BLTC Press Titles


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Leaves of Grass

Walt Whitman


The Picture of Dorian Gray

Oscar Wilde


Novalis Including Hymns to the Night

Novalis, George MacDonald, Thomas Carlyle


Letters on the Aesthetical Education of Man

Friedrich Schiller


Evolutionary naturalism

by Roy Wood Sellars

Excerpt:

It is particularly desirable that the naturalist should gain a clear insight into knowledge. Otherwise, he may fall into naive notions of the reach and directness of his knowledge and suppose that the very stuff and labor of the physical world is open to his penetrating gaze. The mistake of physical realism in the past has lain largely in this impatient passage from knowledge to reality. Knowledge is, of course, a fact: but it behooves us to discover what kind of fact it is, what its materials are, and what processes are involved. A measure of brooding upon this field will make us less likely to adopt simple ideas of substances whether material or spiritual.

Critical realism is an epistemology that accepts physical realism. Like common sense, it holds to the belief that there are physical things; and, like enlightened common sense, its idea of physical things is moulded by the conclusions of science. But its acquaintance with the process-side of knowledge ma) make it very critical of any remnant of intititionism in the thought of the stuff of the physical world. While the critical realist is convinced of the existence of physical things and considers his own organism in which his knowing takes place as one of them, he may have views as to what sort of information knowledge can convey that will sharply differentiate his physical realism from ordinary physical realism with its associations of metaphysical dualism. It will be well that the reader bear this suggestion in mind.

The common character of all modern realisms is the principle that the objects of kndwledge do not depend for either their being or nature upon our knowledge of them. To know is not to form the reality known out of a priori and a posteriori material of a mental provenance, as Kant held, but to gain information about it as it exists in its own circle of being. Being is one thing, and knowledge is quite another sort of thing, a function of the mind resting upon a causal relation with that which is known as one of its essential conditions.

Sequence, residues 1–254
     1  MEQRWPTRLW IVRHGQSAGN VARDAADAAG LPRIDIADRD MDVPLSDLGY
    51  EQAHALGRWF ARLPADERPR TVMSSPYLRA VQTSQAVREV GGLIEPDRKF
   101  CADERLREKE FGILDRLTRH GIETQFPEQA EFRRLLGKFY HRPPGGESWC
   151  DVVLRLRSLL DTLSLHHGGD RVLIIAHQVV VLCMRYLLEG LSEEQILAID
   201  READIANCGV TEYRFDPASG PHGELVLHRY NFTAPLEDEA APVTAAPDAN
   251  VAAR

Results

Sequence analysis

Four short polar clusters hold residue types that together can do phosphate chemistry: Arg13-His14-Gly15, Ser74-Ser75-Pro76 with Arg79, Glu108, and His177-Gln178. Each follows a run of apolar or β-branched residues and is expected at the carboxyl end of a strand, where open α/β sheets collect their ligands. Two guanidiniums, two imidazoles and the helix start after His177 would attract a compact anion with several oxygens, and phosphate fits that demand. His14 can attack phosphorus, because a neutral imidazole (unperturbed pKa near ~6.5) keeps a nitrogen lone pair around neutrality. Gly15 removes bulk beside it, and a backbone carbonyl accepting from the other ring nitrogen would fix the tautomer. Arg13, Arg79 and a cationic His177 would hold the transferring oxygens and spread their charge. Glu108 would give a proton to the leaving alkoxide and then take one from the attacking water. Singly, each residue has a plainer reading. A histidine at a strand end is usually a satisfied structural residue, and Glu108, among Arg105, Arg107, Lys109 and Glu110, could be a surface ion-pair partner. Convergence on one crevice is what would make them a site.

Our position, which we call epistemological dualism, agrees, then, with the so-called "axiom of independent reality." Prichard's formulation of this axiom is as follows: "Knowledge unconditionally presupposes that the reality known exists independently of the knowledge of it, and that we know it as it exists in this independence." The idealist, perforce, denies this axiom and asserts that we have no such conviction. Thus Bosanquet substitutes the following formulation which is more harmonious with his epistemology: "Knowledge presupposes that the system of judgments in which it consists can maintain itself against any contradiction, and that the reality known is unmodified by knowledge except in the direction of being revealed as more completely itself"1 Now I think that it is obvious that this qualification is simply the expression of his idealism. And it is clearly a very sophisticated and artificial qualification. Yet, as against naive realism, it receives the support that

1 Bosanquet, Logic, Vol. 2, p. 305.

consideration of the experiential character of the content of perception yields. "The nature of reals/' argues Bosanquet, "is fatal to the axiom that we know things as they are apart from cognition." But the epistemological dualist comes to the rescue of the realist and points out that the object oF knowledge is never given in knowledge but only the content^ of knowledge.

We shall concern ourselves very little with the refutation of idealism. The development of a coherent realistic system is of far more value, even from an argumentative point of view, than a continuation of the more or less dialectical struggle between idealism and realism. The strength of idealism has always lain more in the weakness of past realisms than in its own plausibility.


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